So, last time, the eagle-eyed among you noticed that the Dual Weapon Fighting Style allowed a character to make two attacks–one with each weapon–as part of a minor action. And if we were sticking with the classic d20 action economy, that would be a radical move. But. . .we’re not.
Instead, our action economy is based on a simplified structure that allows characters to strategize on-the-fly, choosing which abilities they use in combat based on how long they take and what they want to do. I’ll explain the simplified structure and provide some examples.
Characters in Infinite Earths every round get a Major Action, a Swift Action, Reactions, and any appropriate Free Actions.
- Major Actions describe activities or powers that take a character’s entire turn to accomplish. Casting a spell very carefully, so that you do not give opponents an opening to strike you; Grappling with an opponent to try and throw him to the ground, or otherwise hold him in place; Performing a Flurry of Strikes to try and demolish your opponent’s defenses are all examples of a Major Action. Major Actions can also be divided into two Minor Actions.
- Minor Actions describe activities or powers that take approximately half a character’s turn to accomplish. Casting a spell quickly, perhaps a bit incautiously, trusting to luck to prevent your opponents from striking you; Swinging your mighty axe (or your two slashing blades) at an enemy; Moving your land speed across a battlefield are all examples of a Minor Action. Minor Actions can also be divided into two Swift Actions.
- Swift Actions describe activities or powers that take a negligible amount of time for a character, but still have a cost in effort or time. Maintaining concentration and pouring mana into an ongoing spell is one such example; unsheathing your weapon and readying it to strike is another. Five-foot steps, or Shifts, are another common use of the Swift Action. Swift Actions are the quickest of effectively time-consuming actions, and cannot be subdivided further.
- Reactions are classic “attacks of opportunity,” with a twist. Now they can be used for multiple abilities, such as countering an opponent’s spell or mocking an opponent who fails to connect with his attacks. Characters can perform a varying number of Reactions per round depending on what (if anything) provokes a Reaction, as well as how quick-witted or dexterous they are.
- Free Actions are actions that can be performed while performing other actions–for instance, talking or warning an ally of danger, or unsheathing a weapon if you know how to Quick Draw. They take no time on their own, and they do not cause direct harm to opponents or direct benefit to allies.
Using this round structure, let’s take a look at what you can do with it:
Let’s say Bob the Brute, a Fighter, is standing 20 feet from his opponent, Will the Weakling, who already has his weapon out.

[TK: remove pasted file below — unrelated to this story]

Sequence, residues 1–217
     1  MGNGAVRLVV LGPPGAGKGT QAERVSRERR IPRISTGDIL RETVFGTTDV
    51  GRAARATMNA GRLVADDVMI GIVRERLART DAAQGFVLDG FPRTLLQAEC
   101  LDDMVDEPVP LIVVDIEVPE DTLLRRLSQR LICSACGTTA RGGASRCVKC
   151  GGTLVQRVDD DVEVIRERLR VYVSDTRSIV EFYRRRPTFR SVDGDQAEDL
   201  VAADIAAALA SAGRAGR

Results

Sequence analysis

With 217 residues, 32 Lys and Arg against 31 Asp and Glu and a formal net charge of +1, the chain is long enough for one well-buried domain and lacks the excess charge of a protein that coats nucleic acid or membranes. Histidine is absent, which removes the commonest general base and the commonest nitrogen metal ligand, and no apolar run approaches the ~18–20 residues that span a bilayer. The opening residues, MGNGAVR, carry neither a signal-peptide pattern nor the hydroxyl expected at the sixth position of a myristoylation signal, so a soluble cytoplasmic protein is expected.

It’s Bob’s turn–he’s 20 feet away, so he can’t just start swinging and hope to connect. Bob uses his Swift action to unsheathe his weapon, then splits his Major Action into 2 Minor Actions–one to close the distance (with 10 feet to spare, Bob’s pretty quick), and the other to hit Will over the head with his axe.
Will’s terrified of Bob, but he’s already got his weapon out–and he’s carrying a spear, so he’s got the advantage of reach. As Bob comes at Will, he passes through a space that Will threatens with his longer-reach weapon, so Will gets to React to Bob. The Reaction triggers before Bob is close enough to attack, so it is resolved before Bob’s turn continues. Will connects, damaging Bob. If he had killed Bob, Bob’s attack would not have connected.
But Bob isn’t dead, so he strikes at Will and connects once with his axe, coming close to killing Will with his single brutal blow.
Will’s now well and truly desperate, so he uses his Swift action to shift 5 feet backwards. Will then uses his ability Flurry of Blows to attack Bob twice. This is a risk, because Flurry of Blows lets Will double his number of attacks, but he loses his ability to make Reactions until his next turn. Fortunately, both strikes connect, and Bob goes down. Songs are written about Will the Weakling, now known as Will the Wonderful, because nobody really liked Bob anyway.
Now, you might be saying to yourself–that doesn’t seem like all that radical a change. And it’s not! But it’s designed to help speed up play, because of the simplified structure:
No standard action, minor, move, move-equivalent, five-foot step, free, etc. And the Major action can be divided into any appropriate combination:
- 2 Minor Actions
- 1 Minor Action + 2 Swift Actions
- 4 Swift Actions
The idea is versatility and simplicity, while still maintaining a tactical bent! You may be wondering, now, if you can transform a single Major action into two Minor actions, and use both of those Minor actions to attack without having to use a Flurry of Blows. Well. . .we’re working on that, and are still playtesting it to see if that feels right.
That’s all we’ve got for now, but if you have any questions or thoughts please feel free to post some comments!